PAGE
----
|←"Robin Hood and the Golden Arrow", no. 152||Child's Collected Ballads by
"Robin Hood and the Valiant Knight", no. 153
|"A True Tale of Robin Hood", no. 154→|
WHEN Robin Hood, and his merry men all,
Had reigned many years,
The king was then told they had been too bold
To his bishops and noble peers.
Therefore they called a council of state,
To know what was best to be done
For to quell their pride, or else, they reply'd,
The land would be over-run.
Having consulted a whole summers day,
At length it was agreed
That one should be sent to try the event,
And fetch him away with speed.
Therefore a trusty and worthy knight
The king was pleasd to call,
Sir William by name; when to him he came,
He told him his pleasure all.
'Go you from hence to bold Robin Hood,
And bid him, without more a-do,
Surrender himself, or else the proud elf
Shall suffer with all his crew.
'Take here a hundred bowmen brave,
All chosen men of might,
Of excellent art for to take thy part,
In glittering armour bright.'
Then said the knight, My sovereign liege,
By me they shall be led;
I'll venture my blood against bold Robin Hood,
And bring him alive or dead.
One hundred men were chosen straight,
As proper as eer men saw;
On Midsummer-day the marched away,
To conquer that brave outlaw.
With long yew bows and shining spears,
They marchd in mickle pride,
And never delayd, or halted, or stayd,
Till they came to the greenwood-side.
Said he to his archers, Tarry here;
Your bows make ready all,
That, if need should be, you may follow me;
And see you observe my call.
'I'll go in person first,' he cry'd,
'With the letters of my good king,
Both signd and seald, and if he will yield,
We need not draw one string.'
He wanderd about till at length he came
To the tent of Robin Hood;
The letter he shews; bold Robin arose,
And there on his guard he stood.
'They'd have me surrender,' quoth bold Robin Hood,
'And lie at their mercy then;
But tell them from me, that never shall be,
While I have full seven-score men.'
Sir William the knight, both hardy and bold,
Did offer to seize him there,
Which William Locksly by fortune did see,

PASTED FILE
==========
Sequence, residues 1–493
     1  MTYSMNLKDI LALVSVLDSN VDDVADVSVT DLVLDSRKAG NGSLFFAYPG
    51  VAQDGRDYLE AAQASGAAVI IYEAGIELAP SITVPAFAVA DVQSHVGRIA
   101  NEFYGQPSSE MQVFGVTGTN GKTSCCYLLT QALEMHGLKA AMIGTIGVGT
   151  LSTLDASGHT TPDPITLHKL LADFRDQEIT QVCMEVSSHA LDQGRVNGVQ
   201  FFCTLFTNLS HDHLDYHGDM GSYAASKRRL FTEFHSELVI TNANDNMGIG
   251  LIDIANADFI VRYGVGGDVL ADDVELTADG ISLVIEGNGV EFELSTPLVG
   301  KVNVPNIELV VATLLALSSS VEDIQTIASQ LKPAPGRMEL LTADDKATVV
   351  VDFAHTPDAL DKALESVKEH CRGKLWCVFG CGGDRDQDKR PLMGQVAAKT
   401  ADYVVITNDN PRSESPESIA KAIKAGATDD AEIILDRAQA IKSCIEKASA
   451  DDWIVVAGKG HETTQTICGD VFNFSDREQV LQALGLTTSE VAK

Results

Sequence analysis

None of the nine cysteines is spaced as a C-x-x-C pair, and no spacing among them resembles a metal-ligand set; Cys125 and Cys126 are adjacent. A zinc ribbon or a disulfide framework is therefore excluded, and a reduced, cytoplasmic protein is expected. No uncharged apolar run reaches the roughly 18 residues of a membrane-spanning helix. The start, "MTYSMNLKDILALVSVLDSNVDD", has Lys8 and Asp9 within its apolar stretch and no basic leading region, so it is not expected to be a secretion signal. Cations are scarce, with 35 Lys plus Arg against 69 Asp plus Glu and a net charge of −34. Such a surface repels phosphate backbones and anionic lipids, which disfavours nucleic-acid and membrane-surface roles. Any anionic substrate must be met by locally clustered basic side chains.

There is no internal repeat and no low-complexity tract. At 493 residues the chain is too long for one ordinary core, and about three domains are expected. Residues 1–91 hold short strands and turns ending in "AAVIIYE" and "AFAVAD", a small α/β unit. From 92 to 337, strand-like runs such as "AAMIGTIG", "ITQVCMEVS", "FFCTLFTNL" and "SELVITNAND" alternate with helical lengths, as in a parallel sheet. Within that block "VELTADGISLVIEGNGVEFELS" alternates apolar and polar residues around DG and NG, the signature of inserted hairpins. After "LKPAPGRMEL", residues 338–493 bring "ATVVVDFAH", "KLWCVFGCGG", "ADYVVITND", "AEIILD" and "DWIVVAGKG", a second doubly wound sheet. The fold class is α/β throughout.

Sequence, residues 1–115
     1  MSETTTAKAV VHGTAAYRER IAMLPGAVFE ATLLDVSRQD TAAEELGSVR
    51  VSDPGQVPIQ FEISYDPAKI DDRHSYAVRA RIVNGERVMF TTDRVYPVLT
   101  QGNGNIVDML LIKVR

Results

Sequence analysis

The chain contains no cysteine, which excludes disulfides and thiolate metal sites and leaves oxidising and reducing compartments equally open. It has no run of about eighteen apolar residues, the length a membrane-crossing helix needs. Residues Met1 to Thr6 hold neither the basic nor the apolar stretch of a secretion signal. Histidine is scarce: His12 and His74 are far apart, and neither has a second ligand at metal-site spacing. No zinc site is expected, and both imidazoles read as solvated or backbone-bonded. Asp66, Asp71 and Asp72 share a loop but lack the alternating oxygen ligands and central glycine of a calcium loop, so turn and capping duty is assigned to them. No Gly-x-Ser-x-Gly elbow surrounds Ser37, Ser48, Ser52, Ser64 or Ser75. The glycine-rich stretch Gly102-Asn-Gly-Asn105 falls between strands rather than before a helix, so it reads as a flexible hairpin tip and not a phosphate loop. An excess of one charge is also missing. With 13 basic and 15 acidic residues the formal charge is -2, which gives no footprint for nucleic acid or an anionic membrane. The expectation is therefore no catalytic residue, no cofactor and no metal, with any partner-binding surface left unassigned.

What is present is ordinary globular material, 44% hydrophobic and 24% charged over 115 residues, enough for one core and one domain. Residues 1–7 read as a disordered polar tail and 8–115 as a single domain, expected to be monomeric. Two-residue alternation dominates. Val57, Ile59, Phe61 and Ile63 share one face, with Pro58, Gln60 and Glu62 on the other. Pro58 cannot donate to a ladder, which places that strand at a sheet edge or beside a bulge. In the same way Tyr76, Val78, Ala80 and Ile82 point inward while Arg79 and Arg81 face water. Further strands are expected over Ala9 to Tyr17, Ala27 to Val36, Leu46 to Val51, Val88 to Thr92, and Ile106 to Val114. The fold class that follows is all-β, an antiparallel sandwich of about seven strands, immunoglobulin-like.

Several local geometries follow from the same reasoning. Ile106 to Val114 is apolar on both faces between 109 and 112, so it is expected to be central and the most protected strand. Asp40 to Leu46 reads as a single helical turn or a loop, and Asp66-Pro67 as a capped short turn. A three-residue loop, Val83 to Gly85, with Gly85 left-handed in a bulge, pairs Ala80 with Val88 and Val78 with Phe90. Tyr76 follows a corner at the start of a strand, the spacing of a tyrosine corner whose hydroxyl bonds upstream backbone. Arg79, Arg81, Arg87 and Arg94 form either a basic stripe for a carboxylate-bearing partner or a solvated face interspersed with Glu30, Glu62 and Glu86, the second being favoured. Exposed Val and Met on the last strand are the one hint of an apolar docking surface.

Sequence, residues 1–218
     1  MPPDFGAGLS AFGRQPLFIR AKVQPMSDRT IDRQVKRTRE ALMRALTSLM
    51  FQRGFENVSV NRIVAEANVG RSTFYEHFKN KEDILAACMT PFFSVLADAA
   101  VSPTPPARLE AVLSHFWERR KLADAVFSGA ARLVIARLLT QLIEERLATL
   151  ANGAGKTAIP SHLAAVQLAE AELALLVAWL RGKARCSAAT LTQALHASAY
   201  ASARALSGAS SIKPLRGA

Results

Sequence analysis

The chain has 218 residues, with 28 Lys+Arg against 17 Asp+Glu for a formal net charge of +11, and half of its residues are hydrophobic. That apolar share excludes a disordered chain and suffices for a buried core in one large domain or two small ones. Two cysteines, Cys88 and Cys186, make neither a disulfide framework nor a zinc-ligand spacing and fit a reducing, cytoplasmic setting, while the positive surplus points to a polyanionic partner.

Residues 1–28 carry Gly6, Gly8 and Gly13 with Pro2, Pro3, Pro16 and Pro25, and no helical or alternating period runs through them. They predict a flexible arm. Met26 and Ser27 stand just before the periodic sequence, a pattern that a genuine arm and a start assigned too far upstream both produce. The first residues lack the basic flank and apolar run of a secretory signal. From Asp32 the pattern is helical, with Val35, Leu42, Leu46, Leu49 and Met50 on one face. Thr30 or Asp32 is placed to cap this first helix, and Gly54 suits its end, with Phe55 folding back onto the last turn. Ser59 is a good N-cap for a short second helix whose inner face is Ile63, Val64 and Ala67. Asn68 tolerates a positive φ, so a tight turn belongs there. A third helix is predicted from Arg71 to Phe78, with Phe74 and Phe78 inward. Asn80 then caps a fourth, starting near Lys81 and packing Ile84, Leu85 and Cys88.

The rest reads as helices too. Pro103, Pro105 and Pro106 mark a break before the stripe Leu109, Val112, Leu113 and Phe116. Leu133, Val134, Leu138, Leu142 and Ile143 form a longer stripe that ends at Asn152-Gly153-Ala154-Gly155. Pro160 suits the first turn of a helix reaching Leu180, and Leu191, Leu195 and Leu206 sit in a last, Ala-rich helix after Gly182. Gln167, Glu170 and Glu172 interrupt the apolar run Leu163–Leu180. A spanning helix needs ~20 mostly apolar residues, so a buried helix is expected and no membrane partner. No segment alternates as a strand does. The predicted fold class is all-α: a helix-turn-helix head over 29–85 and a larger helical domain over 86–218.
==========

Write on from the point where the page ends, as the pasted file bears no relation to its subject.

And bid him that trick forbear.
Then Robin Hood set his horn to his mouth,
And blew a blast or twain,
And so did the knight, at which there in sight
The archers came all amain.
Sir William with care he drew up his men,
And plac'd them in battle array;
Bold Robin, we find, he was not behind;
Now this was a bloody fray.
The archers on both sides bent their bows,
And the clouds of arrows flew;
The very first flight, that honoured knight
Did there bid the world adieu.
Yet nevertheless their fight did last
From morning till almost noon;
Both parties were stout, and loath to give out;
This was on the last [day] of June.
At length they went off; one part they went
To London with right good will;
And Robin Hood he to the green-wood tree,
And there he was taken ill.
He sent for a monk, who let him blood,
And took his life away;
Now this being done, his archers they run,
It was not a time to stay.
Some got on board and crossd the seas,
To Flanders, France, and Spain,
And others to Rome, for fear of their doom,
But soon returnd again.
Thus he that never feard bow nor spear
Was murderd by letting of blood;
And so, loving friends, the story doth end
Of valiant bold Robin Hood.
There's nothing remains but his epitaph now,
Which, reader, here you have;
To this very day, and read it you may,
As it was upon his grave.
A.Epi.: Robin Hood and the Valiant Knight
A.Epi..1Robin, Earl of Huntington,
Lies under this little stone.
No archer was like him so good;
His wildness nam'd him Robin Hood.
Full thirteen years, and something more,
These northern parts he vexed sore.
Such outlaws as he and his men
May England never know again!